Cravings during pregnancy

From Catherine Zeta Jones’ fondness for Branston Pickle to Nichole Richie’s desire for doughnuts, pregnancy cravings affect most mums-to-be. Here’s the lowdown.

Cravings during Pregnancy


Despite much research and the experiences of millions of mums-to-be, it is still unclear exactly why we crave certain foods during pregnancy or even non foods – called pica. Some say hormonal changes are responsible, or a need for certain nutrients. There’s no scientific evidence to back these theories up though, so we know pregnancy cravings happen but don’t know the reason for them.


Pregnancy cravings can strike at any stage, but are common in the early weeks and can change throughout your pregnancy. They may even be a sign you’re expecting. Mum, Ali, knew she was pregnant second time around because of her cravings: ’I had a thing for sucking lemon quarters and drinking spicy tomato juice (not at the same time!) in the early weeks of my first pregnancy, so when I craved them again, I knew I was pregnant.’


Sour and spicy foods are common cravings in pregnancy, along with salt, pickles, red meat, dairy products and chocolate. But it could be anything, as a quick look at Bounty’s pregnancy cravings forum reveals:

Weird pregnancy cravings

From tuna, curry and bacon sandwiches to preferring smells rather than tasting cravings (some cravings, often non-food ones, are satisfied by sniffing rather than eating) cravings come in all forms!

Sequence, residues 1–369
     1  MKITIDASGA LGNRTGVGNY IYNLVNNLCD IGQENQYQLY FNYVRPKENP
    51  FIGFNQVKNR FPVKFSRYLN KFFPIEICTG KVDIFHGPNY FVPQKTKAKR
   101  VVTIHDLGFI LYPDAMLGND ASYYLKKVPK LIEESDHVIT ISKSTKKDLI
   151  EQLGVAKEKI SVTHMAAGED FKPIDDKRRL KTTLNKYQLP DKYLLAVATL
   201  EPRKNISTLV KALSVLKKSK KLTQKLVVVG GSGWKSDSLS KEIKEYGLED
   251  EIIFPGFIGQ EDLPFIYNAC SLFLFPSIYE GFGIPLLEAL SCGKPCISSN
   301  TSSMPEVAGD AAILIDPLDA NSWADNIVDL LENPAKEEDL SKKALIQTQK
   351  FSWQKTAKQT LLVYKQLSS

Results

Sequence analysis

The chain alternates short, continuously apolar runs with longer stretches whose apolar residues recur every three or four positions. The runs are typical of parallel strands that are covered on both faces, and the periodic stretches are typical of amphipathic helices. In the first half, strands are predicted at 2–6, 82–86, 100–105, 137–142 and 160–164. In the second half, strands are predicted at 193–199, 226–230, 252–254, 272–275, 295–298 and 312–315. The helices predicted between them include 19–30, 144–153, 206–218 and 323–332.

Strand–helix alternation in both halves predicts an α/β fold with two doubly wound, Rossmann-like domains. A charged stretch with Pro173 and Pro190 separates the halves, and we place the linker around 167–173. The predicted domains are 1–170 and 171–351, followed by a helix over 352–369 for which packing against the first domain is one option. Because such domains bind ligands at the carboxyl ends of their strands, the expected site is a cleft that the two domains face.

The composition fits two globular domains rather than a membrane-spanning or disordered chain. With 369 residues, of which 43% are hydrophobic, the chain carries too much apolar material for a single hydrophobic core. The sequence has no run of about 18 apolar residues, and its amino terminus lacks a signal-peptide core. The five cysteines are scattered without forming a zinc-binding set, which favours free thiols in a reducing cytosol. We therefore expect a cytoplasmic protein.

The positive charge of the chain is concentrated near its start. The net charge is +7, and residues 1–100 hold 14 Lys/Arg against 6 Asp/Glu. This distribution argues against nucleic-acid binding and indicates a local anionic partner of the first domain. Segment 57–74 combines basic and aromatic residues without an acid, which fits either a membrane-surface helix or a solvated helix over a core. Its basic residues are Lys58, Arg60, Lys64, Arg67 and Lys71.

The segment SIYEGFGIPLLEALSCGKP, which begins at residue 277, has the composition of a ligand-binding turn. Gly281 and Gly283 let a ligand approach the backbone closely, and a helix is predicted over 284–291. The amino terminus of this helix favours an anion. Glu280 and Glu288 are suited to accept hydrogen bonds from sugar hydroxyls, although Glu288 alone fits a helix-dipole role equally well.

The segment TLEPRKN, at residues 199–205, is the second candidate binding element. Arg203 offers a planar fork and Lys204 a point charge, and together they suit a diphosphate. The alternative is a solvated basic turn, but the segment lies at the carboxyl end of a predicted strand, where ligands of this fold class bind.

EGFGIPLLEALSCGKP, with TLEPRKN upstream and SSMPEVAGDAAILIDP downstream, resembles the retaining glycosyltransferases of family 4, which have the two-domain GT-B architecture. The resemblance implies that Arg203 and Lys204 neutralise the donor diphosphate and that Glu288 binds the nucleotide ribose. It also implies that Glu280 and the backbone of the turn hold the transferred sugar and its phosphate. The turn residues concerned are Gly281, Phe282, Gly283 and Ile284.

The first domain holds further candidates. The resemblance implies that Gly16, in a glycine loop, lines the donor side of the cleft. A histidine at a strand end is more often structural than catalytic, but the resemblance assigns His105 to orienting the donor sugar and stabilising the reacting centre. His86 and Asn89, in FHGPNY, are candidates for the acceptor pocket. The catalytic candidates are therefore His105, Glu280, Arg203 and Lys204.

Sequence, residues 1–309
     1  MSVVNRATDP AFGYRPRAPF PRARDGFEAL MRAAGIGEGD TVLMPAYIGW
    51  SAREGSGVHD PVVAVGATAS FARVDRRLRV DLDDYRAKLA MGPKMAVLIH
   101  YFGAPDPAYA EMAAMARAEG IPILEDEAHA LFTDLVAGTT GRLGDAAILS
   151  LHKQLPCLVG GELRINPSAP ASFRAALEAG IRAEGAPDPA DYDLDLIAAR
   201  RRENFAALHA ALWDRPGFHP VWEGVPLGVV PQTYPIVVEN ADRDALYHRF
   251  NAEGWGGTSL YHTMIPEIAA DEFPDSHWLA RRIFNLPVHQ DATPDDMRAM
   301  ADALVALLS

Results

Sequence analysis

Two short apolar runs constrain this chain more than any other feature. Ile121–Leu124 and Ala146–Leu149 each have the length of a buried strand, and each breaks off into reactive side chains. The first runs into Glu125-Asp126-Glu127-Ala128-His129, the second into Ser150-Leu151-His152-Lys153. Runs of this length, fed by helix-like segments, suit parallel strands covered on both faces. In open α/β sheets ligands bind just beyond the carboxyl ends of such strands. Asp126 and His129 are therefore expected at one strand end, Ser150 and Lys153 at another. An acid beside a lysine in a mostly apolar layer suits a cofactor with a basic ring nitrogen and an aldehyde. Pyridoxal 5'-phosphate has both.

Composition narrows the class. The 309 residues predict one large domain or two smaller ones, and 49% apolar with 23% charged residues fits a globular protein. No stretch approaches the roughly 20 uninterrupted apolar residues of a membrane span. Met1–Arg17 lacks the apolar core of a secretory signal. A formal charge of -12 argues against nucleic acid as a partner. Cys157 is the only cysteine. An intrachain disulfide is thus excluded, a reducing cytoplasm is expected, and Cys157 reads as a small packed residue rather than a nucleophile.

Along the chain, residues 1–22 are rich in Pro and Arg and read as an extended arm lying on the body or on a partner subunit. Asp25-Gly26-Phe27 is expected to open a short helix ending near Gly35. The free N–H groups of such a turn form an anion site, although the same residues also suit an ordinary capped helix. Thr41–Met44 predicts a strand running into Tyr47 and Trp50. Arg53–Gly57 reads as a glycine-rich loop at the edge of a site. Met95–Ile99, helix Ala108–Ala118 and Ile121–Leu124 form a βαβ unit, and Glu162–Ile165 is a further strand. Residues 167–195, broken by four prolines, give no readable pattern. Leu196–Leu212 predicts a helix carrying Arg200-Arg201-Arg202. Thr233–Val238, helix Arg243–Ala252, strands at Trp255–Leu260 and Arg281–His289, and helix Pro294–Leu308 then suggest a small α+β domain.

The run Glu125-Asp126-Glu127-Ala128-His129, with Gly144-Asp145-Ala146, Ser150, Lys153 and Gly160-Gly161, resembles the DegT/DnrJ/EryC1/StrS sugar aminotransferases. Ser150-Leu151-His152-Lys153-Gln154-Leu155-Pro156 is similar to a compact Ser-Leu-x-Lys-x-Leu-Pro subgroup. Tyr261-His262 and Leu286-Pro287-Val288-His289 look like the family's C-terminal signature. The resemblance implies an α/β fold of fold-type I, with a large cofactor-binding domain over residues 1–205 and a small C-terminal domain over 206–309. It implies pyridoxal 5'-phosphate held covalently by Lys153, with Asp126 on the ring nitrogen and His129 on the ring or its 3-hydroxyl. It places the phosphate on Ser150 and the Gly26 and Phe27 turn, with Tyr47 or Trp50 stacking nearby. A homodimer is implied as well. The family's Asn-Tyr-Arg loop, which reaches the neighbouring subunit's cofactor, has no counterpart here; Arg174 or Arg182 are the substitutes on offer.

Pregnancy cravings can be mild or intense, but however they strike you, try and keep the rest of your diet as well-balanced as you can to help keep you and your baby healthy. You only need about another 300 calories a day when you’re pregnant, so make them as healthy as possible. Take a look at the Bounty Your Pregnancy guide for healthy eating information.

Who says?

Doctors and health experts advise that as long as what you really, really want isn’t harmful and is in moderation, even strange pregnancy cravings are not a problem: ’As long as you stick to a healthy food intake and don’t eat too much of something unsuitable, like foods that are high in fat or sugar, don’t worry: you’ll find that your craving will pass,’ says paediatric dietician, Lucy Findlay. But always discuss it with your midwife or doctor if you are in any way concerned.


In some cases, a lack of certain nutrients, such as iron deficiency anemia and zinc deficiency, may trigger unusual cravings. Pica may also occur in adults who crave a certain texture in their mouth. Some examples- animal faeces, clay, dirt, hairballs, ice, paint, sand.